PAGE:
Digital skills audit

From Community Narrations

Aims of the activity

- Gain an understanding of how crucial digital skills are in our everyday lives.
- Gain an understanding of why the development of digital skills and the ability to use certain digital tools should be accessible to all.

Resources, Materials needed

- Flipchart.
- Paper and pens.

Duration in minutes

60 – 90 minutes session depending on the size of the group.

Step-by-step - what has to be done

1. Ask the group to make a list of digital tools (phones, computers, tablets, cameras, laptops, technical digital tools such as digital tape measures, etc) on flipchart paper so everyone can see the list.
2. Ask the participants to make their own list of the digital tools that they use, by writing down what digital tools they have used today. Ask them to make the list starting from when they woke up until now. Making a note of what digital tool they used and what they used it for.
3. List the importance of each interaction (e.g. checking ebay for an item to buy - low importance, reading a work email on a phone - high importance, etc.). 4. Ask the participants to add to the notes and recognise how they found each interaction. Identify how easy or difficult it was to use and explain what they found easy and what they found more challenging.
5. Ask them the write exactly what skills they needed to use the tool (e.g. need to read, have motor skills to use their hands, etc.).
6. Identify the level of skill of each by marking each digital interaction with a score of 1 - 5. (1 is low and 5 high).
7. In pairs compare lists, skill levels and observations.
8. Come together in a group discuss how important these digital skills are to everyone. Go around and give everyone a chance to give their own observations on their use of digital tools and their own digital skills.
9. Split the group into small groups and ask them to think about the settings where they work and the people they work with and ask them to identify what digital tools and skills the people use. Ask them to identify any gaps in the skills or major challenges for the people who they work with and to list the ways that digital skills and tools can help the people in their work settings and possible ways to overcome the barriers.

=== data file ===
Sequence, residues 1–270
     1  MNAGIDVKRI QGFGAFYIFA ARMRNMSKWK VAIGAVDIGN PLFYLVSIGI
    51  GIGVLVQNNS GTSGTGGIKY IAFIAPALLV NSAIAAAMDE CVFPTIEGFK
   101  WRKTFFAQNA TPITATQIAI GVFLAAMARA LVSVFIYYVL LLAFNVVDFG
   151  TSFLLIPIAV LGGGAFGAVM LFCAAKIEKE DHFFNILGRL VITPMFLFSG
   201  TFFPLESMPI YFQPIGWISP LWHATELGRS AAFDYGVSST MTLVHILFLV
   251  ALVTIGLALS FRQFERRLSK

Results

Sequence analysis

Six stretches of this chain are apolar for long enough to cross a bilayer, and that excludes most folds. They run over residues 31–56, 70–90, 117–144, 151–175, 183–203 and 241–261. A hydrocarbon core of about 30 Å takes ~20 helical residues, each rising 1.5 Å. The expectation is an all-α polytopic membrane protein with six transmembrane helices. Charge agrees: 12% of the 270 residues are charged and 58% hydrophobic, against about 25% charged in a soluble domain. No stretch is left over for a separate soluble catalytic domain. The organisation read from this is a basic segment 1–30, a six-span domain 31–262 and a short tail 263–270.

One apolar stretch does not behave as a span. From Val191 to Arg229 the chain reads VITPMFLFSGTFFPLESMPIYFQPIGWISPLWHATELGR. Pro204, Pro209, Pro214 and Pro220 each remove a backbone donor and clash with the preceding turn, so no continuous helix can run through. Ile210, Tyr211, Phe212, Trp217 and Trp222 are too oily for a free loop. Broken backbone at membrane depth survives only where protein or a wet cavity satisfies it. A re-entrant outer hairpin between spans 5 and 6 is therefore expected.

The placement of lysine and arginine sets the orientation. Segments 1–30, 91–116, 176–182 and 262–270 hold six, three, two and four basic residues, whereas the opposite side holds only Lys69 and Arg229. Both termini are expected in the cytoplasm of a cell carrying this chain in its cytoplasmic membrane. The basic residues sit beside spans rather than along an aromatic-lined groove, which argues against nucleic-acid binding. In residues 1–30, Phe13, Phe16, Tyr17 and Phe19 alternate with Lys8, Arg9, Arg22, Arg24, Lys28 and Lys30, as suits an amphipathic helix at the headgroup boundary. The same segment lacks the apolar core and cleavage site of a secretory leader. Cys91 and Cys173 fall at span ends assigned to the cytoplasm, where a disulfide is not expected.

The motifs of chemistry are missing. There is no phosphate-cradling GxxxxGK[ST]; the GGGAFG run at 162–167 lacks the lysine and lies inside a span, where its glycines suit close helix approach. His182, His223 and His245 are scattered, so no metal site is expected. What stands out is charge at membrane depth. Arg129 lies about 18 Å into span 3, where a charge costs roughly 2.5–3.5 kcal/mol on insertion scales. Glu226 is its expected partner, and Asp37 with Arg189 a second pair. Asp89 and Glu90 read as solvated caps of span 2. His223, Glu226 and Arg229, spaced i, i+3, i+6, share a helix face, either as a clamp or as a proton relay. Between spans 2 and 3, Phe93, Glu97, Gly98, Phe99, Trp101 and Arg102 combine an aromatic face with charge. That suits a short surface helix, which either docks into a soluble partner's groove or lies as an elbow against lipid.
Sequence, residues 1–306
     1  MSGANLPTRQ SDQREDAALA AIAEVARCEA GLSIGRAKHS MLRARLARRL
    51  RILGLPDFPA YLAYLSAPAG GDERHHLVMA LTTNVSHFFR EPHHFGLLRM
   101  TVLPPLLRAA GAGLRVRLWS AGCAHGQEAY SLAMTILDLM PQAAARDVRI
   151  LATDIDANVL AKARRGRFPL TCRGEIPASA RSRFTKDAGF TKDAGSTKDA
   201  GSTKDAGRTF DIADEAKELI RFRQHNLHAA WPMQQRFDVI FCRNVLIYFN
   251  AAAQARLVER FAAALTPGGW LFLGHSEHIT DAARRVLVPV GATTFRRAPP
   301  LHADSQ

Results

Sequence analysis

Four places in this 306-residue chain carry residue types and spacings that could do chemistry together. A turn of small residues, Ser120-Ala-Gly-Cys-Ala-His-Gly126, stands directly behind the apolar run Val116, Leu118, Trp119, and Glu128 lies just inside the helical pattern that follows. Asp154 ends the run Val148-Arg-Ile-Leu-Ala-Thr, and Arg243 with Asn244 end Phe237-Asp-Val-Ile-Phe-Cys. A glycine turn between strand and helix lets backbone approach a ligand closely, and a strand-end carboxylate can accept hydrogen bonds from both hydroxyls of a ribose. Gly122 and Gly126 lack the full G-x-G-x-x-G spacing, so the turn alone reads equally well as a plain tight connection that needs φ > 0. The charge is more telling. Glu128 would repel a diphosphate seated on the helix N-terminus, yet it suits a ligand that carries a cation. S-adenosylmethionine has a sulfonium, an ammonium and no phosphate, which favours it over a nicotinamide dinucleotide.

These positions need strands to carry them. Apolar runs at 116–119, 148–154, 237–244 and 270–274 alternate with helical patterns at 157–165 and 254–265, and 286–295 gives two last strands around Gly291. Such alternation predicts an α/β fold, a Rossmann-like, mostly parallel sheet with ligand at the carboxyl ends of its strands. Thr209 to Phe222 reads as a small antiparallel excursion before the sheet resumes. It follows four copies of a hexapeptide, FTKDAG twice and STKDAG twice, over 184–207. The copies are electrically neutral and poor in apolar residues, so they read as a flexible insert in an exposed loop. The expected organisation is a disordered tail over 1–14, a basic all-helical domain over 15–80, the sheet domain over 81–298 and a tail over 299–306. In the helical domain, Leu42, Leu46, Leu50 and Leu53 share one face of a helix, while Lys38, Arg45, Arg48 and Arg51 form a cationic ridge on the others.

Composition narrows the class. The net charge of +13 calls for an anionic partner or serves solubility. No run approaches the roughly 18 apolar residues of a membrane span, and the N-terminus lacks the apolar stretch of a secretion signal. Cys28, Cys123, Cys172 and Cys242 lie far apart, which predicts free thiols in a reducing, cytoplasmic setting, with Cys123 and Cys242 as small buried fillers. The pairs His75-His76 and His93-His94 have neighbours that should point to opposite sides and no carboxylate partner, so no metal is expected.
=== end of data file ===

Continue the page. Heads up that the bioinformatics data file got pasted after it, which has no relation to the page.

10. Back in the main group ask each small group to report on the ways that digital skills and tools can help the people in their work settings, possible challenges and barriers and possible ways to overcome the challenges and barriers.

Learning Outcomes - which skills are adressed?

- Identify how much they use digital tools in their everyday life by making a list.
- Gain an awareness of the importance of having the skills to use digital tools by assessing the importance of the digital interactions they used.
- Categorise what skills that they need to use the tools.
- Recognise and discuss possible skills gaps and challenges that might be in the specific setting they work in.

How do you check the outcomes are reached?

- Participants will have written lists that identify their own use of digital tools and their own level of skill.
- Working in pairs they will have compared notes, discussed the everyday use of digital tools and their own skill levels, as well as discussed their personal observations on what role digital skills play in their life.
- In small groups and main group discussions participants will have answered specific questions that encourage them to explore the importance of the acquisition of digital skills for themselves, and for others, as well as identified possible learning barriers and started to identify possible ways to overcome these.